A growing number of children are being hospitalized for hypertension and high blood pressure, a new study published in the American Heart Association's journal, Hypertension, has found. The study showed a sharp increase from 12,661 hospitalizations in 1997 to 24,602 in 2006. CNN.com reports that the increase in childhood obesity is a likely cause of the trend:
The researchers reviewed hospital discharge data for the study. They included all children aged 2 to 18 who were treated for hypertension during hospitalizations, regardless of their primary diagnosis or the main reason why they were hospitalized.
Those most likely to have high blood pressure were older than 9, male and African-American, according to the study. Some had end-stage renal (kidney) disease.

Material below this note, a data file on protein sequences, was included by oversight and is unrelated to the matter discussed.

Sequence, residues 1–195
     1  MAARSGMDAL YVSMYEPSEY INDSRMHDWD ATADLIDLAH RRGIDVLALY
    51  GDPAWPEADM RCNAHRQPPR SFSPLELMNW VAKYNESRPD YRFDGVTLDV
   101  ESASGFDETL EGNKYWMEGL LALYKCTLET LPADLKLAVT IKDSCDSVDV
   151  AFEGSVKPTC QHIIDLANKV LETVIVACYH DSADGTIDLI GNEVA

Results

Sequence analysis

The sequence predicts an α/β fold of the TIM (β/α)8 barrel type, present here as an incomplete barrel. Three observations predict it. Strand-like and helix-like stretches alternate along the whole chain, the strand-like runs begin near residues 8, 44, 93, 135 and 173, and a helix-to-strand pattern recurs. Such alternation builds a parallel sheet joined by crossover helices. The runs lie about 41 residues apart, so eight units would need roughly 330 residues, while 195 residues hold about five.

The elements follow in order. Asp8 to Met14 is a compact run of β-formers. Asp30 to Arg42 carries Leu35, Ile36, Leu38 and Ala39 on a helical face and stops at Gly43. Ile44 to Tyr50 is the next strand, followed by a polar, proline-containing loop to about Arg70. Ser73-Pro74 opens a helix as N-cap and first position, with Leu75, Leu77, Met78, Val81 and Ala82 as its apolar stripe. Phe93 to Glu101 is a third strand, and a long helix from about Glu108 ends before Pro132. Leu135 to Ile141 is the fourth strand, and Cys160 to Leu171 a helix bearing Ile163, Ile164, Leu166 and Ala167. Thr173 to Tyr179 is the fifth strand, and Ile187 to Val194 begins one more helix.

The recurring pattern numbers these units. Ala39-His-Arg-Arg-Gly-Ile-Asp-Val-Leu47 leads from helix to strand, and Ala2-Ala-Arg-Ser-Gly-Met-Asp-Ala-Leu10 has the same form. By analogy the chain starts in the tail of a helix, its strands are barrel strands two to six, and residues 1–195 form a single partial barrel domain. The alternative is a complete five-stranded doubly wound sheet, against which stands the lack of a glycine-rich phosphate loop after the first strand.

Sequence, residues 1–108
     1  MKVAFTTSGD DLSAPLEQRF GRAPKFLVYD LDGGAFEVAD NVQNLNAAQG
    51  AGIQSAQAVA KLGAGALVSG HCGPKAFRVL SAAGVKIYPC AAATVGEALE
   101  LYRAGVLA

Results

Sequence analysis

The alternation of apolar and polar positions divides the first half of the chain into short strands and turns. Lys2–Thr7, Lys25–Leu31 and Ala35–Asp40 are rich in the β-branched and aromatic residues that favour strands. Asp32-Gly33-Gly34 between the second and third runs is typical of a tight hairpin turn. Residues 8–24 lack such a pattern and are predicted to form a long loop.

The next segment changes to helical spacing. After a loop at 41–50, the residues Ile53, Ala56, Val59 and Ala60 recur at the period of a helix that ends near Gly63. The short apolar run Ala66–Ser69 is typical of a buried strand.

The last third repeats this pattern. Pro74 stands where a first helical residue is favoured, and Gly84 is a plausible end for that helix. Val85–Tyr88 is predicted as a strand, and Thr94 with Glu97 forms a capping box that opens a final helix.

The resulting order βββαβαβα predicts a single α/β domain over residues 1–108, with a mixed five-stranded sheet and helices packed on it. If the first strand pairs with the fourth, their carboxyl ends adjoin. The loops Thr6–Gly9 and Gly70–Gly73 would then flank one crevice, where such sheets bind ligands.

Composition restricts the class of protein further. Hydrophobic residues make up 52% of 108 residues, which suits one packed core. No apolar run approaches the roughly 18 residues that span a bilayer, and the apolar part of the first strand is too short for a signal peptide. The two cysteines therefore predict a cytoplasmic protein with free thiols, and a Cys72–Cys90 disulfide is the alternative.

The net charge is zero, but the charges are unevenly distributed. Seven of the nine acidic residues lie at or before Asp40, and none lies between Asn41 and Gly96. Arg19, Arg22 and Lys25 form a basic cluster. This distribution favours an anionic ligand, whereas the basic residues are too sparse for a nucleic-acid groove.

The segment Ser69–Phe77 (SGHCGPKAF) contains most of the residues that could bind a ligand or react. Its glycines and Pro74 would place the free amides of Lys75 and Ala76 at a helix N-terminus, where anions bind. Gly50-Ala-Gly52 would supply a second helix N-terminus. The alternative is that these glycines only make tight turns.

The study found children with hypertension had an average length of stay of eight days- double that of non-hypertensive kids.
Childhood obesity may play a role in the sharp increase in hospitalizations.
American Heart Association spokesman Dr. Ernesto Schiffrin from the Department of Medicine at McGill University, Montreal, Quebec said obesity seems to be an even stronger risk factor for high blood pressure in children than it is in adults.
"Increasingly, these are children with essential hypertension- this is consequence of the epidemic of obesity and diabetes that is found increasingly in teenagers and younger children," he said.
"If we are going to prevent adult hypertension, we have to start at this early age by avoiding obesity, cutting back on salt and exercising- otherwise this will increase further the prevalence of adult hypertension and the huge costs that will occur accordingly."
Image: Child getting blood pressure taken, via Shutterstock.